- Demand outpaced supply and prompted strong absolute and relative performance.
- Rich valuations and waning seasonal trends warrant some near-term caution going forward.
- Any prolonged weakness would offer the opportunity to add duration and lock in attractive yields.
Municipal bonds maintained their seasonal strength and extended gains for the second consecutive month in July. Interest rates rose amid heightened volatility as economic data exceeded expectations, and the Federal Reserve resumed its tightening cycle and communicated a commitment to data dependence. Favorable supply-and-demand dynamics and the more stable nature of the asset class prompted outperformance versus Treasuries. The S&P Municipal Bond Index returned 0.25%, bringing the year-to-date total return to 2.78%. Triple-B-rated credits and the 15-year part of the yield curve performed best.
Issuance totaled just $27 billion, 17% below the five-year average, bringing the year-to-date total to $198 billion, down 12% year over year. Reinvestment income from maturities, calls, and coupons outpaced issuance by nearly $16 billion and created a favorable net-negative supply environment. As a result, deals were oversubscribed by 5.2 times on average, well above the year-to-date average of just 4.0 times. The bid-wanted activity also underwhelmed, falling over $300 million per day, month over month, as bank portfolio liquidations ceased in late June. Concurrently, demand for the asset class has continued to strengthen. Mutual funds experienced increasingly positive fund flows, while professional retail accounts were inundated with new orders.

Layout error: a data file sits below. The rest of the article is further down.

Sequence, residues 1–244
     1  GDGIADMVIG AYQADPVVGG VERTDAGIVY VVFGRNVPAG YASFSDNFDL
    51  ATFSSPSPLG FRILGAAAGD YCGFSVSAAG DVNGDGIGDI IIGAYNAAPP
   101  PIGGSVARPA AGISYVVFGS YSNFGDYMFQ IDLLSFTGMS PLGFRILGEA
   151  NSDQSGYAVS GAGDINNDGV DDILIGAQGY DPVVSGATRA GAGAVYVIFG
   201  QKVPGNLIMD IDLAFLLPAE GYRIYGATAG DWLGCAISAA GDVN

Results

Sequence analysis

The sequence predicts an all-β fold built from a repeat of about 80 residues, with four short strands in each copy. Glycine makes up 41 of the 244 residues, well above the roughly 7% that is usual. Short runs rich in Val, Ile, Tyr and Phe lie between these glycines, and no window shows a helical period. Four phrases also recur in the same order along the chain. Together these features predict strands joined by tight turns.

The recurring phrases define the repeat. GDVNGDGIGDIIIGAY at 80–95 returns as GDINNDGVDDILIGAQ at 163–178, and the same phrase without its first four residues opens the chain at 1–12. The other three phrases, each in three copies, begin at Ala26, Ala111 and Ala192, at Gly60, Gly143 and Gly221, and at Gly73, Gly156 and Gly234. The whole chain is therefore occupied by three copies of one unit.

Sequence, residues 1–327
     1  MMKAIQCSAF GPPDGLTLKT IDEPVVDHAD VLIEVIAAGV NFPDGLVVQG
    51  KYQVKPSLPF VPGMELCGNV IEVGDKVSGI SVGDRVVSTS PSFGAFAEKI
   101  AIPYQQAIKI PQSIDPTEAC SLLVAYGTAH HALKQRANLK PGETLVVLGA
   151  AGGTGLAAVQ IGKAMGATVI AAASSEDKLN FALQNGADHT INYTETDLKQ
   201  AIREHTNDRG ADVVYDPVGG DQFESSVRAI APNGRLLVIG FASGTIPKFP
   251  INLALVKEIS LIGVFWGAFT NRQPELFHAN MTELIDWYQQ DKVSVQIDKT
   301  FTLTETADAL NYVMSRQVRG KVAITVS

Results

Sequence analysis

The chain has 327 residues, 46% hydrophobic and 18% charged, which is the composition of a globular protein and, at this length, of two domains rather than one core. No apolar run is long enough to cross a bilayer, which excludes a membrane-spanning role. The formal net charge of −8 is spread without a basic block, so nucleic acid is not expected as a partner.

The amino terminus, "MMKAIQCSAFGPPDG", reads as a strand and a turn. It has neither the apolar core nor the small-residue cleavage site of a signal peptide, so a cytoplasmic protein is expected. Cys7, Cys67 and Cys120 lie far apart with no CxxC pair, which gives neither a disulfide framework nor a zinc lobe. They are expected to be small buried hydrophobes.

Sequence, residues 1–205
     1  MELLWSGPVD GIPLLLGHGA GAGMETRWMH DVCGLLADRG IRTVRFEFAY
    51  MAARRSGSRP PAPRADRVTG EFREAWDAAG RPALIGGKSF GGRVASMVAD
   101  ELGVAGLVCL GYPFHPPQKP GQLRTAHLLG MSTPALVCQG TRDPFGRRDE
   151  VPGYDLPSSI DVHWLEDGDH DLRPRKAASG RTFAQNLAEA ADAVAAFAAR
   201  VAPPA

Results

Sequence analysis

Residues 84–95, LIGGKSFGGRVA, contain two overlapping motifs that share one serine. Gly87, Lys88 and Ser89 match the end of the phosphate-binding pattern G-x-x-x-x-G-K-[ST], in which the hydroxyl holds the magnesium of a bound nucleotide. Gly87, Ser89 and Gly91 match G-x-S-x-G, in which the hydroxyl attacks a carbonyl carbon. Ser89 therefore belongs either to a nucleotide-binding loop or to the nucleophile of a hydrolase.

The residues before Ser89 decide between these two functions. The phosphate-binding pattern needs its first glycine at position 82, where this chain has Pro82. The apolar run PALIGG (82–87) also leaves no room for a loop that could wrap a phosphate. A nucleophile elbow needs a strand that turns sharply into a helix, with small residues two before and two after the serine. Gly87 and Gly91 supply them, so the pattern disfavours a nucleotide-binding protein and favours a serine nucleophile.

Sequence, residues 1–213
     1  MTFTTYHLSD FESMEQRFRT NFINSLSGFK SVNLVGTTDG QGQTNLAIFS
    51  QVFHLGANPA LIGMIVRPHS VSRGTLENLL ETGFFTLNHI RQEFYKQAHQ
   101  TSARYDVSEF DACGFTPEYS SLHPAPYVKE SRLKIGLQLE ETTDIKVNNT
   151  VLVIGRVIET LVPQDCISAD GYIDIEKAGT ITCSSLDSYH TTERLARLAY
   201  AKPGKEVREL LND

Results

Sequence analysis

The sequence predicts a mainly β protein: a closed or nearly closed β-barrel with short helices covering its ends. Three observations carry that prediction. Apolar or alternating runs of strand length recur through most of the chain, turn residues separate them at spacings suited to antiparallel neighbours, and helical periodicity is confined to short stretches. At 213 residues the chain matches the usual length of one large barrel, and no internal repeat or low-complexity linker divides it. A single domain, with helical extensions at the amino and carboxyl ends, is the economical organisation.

We believe that rich valuations and waning seasonal technical warrant a bit more caution in the weeks ahead. Performance tends to soften in August as the market prepares for increased supply in the autumn. However, we would view any prolonged weakness as an opportunity to add duration and lock in attractive, late-cycle yields.
We maintain a neutral-duration posture overall. We prefer an up-in-quality bias and have become increasingly selective in the non-investment grade. We strongly advocate a barbell yield curve strategy, pairing front-end exposure with an increased allocation to the 15-20-year part of the curve.
- Essential-service revenue bonds.
- Select the highest quality state and local issuers with the broadest tax support.
- Flagship universities.
- Select issuers in the high-yield space.
- Speculative projects with weak sponsorship, unproven technology, or unsound feasibility studies.
- Senior living and long-term care facilities in saturated markets.
- Lower-rated private universities.
- Stand-alone and rural health providers.